Interestingly, some characters do double-duty, pointing us to both OotP and HBP.  For example:

  • Saul Morris = Delores Umbridge and Cormac McLaggen.  I think JKR was misdirecting us a bit by introducing a grouchy older lady as the new agency secretary; my knee-jerk reaction was “aha—  Umbridge counterpart.” But Delores, our least-favorite toad-faced DADA teacher turned out to have her homolog in the handsome new sub-contractor Morris; notice how the names rhyme? Saul Morris arrives at the agency with a similar level of arrogance that Umbridge brought to Hogwarts: undercutting Robin’s authority in the same way Umbridge undercut Dumbledore’s, while sucking up to Strike in the same way Delores did to Fudge. Just as Harry would not tell Dumbledore about Umbridge’s hand-cutting quill because DD was away a lot, concerned with more important matters, Robin did not tell Strike about Morris’s inappropriate texts, because she did not want to add to his worries in St. Mawes. Just like Umbridge was foolish enough to insult the centaurs, Morris was foolish enough to “joke” with the woman who fought off the Shacklewell Ripper by grabbing her from behind. Both found themselves physically trounced, then run out of the “castle”–and not a soul was sorry. Morris also reminds us, more directly, of the vain and womanizing Cormac McLaggen of HBP; even playing a similar role as the target of a little fake holiday “dating” our brainy heroine does to save face after being dumped, and which prompts some jealousy in her actual love interest.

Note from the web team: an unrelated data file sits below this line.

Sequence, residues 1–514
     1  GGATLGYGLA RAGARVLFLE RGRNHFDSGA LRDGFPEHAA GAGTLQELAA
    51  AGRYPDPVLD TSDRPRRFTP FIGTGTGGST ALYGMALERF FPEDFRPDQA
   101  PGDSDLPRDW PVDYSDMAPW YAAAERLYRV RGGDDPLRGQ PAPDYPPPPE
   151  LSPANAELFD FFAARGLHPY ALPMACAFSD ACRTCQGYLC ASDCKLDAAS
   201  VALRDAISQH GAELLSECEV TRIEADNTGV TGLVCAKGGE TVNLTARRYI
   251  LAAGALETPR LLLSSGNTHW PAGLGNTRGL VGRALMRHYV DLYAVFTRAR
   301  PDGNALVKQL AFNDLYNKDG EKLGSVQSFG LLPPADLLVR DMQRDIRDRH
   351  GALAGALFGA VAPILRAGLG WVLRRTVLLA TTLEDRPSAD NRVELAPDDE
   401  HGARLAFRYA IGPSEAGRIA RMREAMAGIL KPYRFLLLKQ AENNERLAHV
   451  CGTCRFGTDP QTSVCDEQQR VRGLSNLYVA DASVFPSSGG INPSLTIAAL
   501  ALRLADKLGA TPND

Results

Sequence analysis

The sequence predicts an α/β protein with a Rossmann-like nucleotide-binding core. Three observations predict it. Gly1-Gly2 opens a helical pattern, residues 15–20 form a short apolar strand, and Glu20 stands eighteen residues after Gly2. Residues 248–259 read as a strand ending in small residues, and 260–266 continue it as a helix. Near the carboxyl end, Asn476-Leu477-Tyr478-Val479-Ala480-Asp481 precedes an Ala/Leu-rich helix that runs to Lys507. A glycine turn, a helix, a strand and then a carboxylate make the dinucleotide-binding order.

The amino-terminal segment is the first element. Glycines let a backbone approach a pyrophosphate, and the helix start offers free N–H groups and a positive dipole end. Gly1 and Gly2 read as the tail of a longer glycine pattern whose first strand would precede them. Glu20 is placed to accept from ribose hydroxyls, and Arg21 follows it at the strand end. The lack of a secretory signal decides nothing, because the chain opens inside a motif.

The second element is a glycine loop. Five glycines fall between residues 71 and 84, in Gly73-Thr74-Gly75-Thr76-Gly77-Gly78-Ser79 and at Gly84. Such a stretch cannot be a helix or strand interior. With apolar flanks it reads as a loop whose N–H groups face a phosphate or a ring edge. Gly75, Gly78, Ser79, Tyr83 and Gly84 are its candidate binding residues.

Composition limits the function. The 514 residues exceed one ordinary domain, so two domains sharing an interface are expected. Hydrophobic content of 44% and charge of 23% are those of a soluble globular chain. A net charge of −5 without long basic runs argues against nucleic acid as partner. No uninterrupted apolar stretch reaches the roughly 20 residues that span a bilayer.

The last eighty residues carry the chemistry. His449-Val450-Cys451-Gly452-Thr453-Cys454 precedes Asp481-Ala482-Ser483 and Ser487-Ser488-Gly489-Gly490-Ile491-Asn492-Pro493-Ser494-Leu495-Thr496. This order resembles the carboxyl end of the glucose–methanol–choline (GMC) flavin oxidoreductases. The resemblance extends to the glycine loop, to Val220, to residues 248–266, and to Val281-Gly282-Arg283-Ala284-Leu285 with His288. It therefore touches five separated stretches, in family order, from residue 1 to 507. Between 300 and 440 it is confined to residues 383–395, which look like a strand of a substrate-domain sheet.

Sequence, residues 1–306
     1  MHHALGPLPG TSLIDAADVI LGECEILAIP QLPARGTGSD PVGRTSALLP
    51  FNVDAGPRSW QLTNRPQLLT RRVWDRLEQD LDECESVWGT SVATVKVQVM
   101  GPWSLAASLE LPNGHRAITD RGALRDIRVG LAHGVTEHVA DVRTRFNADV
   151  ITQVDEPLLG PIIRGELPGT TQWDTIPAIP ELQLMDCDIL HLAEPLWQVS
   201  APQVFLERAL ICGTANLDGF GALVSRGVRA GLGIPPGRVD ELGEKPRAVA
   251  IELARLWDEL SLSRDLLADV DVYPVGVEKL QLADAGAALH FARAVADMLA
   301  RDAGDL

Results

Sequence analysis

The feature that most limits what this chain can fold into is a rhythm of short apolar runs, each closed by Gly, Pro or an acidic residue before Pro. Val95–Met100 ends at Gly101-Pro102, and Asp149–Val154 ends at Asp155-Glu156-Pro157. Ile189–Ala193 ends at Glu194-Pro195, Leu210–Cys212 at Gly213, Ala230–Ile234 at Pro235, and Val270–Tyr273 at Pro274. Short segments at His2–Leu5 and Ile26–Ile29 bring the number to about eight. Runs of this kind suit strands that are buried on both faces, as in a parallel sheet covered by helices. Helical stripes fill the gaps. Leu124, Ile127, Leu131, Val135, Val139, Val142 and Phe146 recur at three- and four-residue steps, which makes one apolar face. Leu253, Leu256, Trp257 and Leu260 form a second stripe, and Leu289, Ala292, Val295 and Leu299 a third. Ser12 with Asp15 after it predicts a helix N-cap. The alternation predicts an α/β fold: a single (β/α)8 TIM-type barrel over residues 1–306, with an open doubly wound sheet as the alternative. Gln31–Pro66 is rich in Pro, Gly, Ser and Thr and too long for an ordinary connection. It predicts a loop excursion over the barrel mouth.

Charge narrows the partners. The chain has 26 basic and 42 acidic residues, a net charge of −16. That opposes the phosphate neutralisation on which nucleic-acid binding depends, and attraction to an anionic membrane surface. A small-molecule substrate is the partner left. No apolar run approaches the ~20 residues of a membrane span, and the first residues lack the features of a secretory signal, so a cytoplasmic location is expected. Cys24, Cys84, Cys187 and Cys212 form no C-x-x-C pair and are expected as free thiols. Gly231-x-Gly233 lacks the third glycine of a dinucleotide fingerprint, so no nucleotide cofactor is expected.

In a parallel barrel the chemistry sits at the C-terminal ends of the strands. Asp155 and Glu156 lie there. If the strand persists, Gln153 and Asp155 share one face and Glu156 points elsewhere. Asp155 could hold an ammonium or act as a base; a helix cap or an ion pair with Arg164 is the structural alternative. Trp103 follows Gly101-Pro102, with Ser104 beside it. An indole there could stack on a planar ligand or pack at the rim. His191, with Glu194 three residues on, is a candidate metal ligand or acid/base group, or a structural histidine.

• Joan Nancarrow = Sirius Black and Dumbledore. Joan, like Sirius, was a surrogate parent to Strike, and he certainly felt guilt, not for causing her death but for not being as attentive to and appreciative of her as he should have been. As Dumbledore was weakened by Voldemort’s potion, Joan was weakened by chemotherapy. Like Dumbledore, Joan had an elaborate funeral, a non-traditional burial and a beautiful white container for her earthly remains.

But what of Deathly Hallows? Can we find echoes of that book in Troubled Blood? Find out after the jump.

[Read more…]

The Pentagram Idea: What if Cormoran Strike was Originally Intended as a Five-Book Series?